May 15, 2002

The Honorable Casper R. Taylor, Jr.
Speaker of the House
State House
Annapolis MD 21401

Dear Mr. Speaker:

In accordance with Article II, Section 17 of the Maryland Constitution, I have today vetoed House Bill 237 - State Government - Plaque Commemorating the Bataan Death March.

House Bill 237 requires that a plaque be placed in the State House or on the grounds of the State House to honor the soldiers who were forced to participate in the Bataan Death March in April 1942. The bill requires the Governor to appoint the Secretary of Veterans Affairs to oversee the project, and to appropriate the necessary funds.

House Bill 237 appropriately describes the Bataan Death March as "a horrific episode of World War II." The conditions to which the soldiers and civilians who were forced to march were subjected remain shocking to the conscience. My decision to veto House Bill 237 is not indicative of a lack of understanding of the tragedy of the event or the human suffering that took place. Rather, my concern is for the preservation of the historic State House and the potential proliferation of historical markers in and around our Capitol.

Maryland's State House is the oldest State capitol in continuous legislative use in the United States of America. It is the only State House ever to have served as the nation's capitol, housing the Continental Congress from November 26, 1783 to August 13, 1784. The State House was designated a National Historic Landmark by the Department of Interior in 1968.

In recognition of the historic significance of the State House, additions and alterations to the structure and its grounds should be done thoughtfully and in a manner in keeping with the nature and character of the building. As elected officials, we are trusted with the role of caretakers of Maryland's historical assets, and should fulfill this role with an appreciation for the centuries of history that precede us and the centuries of events yet to come. Decisions to permanently alter the State House should be made sparingly, and held to the highest standard of scrutiny. To do otherwise would risk reducing a proud structure such as the State House to a bulletin board collage of historical postings, accomplished in a patchwork and inconsistent manner.

A sampling of plaques currently on display in the State House is instructive, as is some recent legislative history regarding this capitol. Generally, the plaques currently on display fall into four general categories. Three plaques mark the construction or renovation of portions of the State House. Several plaques commemorate individuals who are integral to the history of the State, such as the memorial to the four Maryland signers of the Declaration of Independence, William Paca, Thomas Stone, Charles Carroll, of Carrollton and Samuel Chase (whose portraits are also on display in the new Senate Chamber), installed upon the 150th anniversary of the signing of that historic document. Other plaques honor events of national and international, significance that occurred in the State House. In the old Senate Chamber, a bronze plaque marks the exact spot where, on December 23, 1783, General George Washington stood as he resigned his commission as Commander in Chief of the Continental Army. That event preceded, by less than one month, another event that occurred in that room and changed the history of the world, the ratification of the Treaty of Paris ending the Revolutionary War. (Interestingly, no plaque commemorates that event.) Finally, memorials have been erected to commemorate the remembrance of Marylanders who gave their lives to protect this country in World War I and the Civil War.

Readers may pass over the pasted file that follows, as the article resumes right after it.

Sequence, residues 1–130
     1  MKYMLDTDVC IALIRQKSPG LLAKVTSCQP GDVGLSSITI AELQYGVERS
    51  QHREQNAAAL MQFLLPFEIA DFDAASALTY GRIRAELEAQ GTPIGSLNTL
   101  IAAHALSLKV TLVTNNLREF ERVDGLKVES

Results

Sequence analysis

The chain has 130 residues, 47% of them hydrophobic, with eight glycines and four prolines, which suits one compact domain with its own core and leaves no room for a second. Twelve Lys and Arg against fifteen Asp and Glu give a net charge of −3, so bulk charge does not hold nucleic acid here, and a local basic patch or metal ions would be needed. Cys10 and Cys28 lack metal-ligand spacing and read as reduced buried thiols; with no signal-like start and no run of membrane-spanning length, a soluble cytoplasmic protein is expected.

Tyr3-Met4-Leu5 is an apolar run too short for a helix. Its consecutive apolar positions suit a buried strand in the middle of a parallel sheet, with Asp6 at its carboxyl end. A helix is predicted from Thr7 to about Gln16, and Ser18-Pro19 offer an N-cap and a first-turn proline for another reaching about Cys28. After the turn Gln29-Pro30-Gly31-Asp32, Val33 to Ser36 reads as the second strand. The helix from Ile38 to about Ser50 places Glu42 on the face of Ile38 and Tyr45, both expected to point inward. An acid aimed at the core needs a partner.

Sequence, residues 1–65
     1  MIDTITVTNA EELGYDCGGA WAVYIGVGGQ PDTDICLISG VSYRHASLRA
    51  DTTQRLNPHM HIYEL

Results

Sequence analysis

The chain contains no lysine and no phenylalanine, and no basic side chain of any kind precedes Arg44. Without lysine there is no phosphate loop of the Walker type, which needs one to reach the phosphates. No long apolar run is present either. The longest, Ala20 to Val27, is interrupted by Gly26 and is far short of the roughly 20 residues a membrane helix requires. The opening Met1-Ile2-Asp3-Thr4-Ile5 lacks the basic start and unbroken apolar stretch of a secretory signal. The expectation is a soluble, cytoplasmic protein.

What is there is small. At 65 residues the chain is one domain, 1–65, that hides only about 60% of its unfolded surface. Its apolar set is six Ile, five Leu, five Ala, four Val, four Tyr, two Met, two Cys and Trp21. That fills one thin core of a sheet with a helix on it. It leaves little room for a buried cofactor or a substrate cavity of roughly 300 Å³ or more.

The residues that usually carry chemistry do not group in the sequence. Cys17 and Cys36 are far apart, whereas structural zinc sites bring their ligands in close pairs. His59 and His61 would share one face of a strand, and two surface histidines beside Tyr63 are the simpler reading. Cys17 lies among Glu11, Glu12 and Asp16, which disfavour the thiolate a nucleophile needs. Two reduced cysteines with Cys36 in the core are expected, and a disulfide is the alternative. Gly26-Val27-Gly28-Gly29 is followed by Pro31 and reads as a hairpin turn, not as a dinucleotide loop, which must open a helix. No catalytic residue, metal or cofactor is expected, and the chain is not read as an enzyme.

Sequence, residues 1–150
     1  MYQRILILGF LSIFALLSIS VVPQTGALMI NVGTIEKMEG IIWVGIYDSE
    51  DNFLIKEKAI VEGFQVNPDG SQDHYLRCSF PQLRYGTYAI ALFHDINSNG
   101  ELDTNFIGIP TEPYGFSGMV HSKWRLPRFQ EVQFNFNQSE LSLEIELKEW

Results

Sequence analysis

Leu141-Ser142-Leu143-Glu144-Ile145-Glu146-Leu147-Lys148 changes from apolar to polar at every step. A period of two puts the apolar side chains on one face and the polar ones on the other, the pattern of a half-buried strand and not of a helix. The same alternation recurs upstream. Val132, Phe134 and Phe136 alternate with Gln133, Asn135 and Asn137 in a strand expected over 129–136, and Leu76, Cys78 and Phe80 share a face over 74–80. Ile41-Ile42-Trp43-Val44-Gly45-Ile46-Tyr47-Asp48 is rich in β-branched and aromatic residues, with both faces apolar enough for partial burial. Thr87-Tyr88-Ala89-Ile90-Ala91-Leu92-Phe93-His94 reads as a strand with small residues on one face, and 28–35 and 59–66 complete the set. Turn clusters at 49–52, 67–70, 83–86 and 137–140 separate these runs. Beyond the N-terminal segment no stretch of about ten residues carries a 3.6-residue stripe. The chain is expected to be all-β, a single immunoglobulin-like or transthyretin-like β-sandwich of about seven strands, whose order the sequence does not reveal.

The General Assembly has been asked in recent years to create additional memorials in the State House or on its grounds. Wisely, these efforts have been resisted, despite the worthiness of the events and people who sought to be honored. Last year, the General Assembly failed to pass House Bill 24, which would have required that the POW/MIA flag be flown from the State House several times a year. In 2000, legislation to require the placement of a One Maryland Monument in or around the State House was defeated. In 1994, a joint resolution that would have studied the feasibility of moving the statue of Roger B. Taney from the grounds of the State House and replacing it with a statue of Thurgood Marshall was defeated. Instead, funds were provided to develop a memorial to Justice Marshall on Lawyer's Mall, a memorial that today is a fitting tribute to the man and a complement to the historic complex.

It is virtually certain that all Marylanders would agree that the fate of our POW/MIA soldiers is a tragic episode in our history. Equally certain is the fact that the Bataan Death March was an extremely dark event that had an impact on many Marylanders and their families. If House Bill 237 were signed into law, it is likely plaques would be sought to memorialize many other events and battles. While there is likely an appropriate site and manner to recognize the victims and survivors of this event, I do not believe that the location chosen in House Bill 237, the State House, is the appropriate venue.

For the above reasons, I have vetoed House Bill 237.

Parris N. Glendening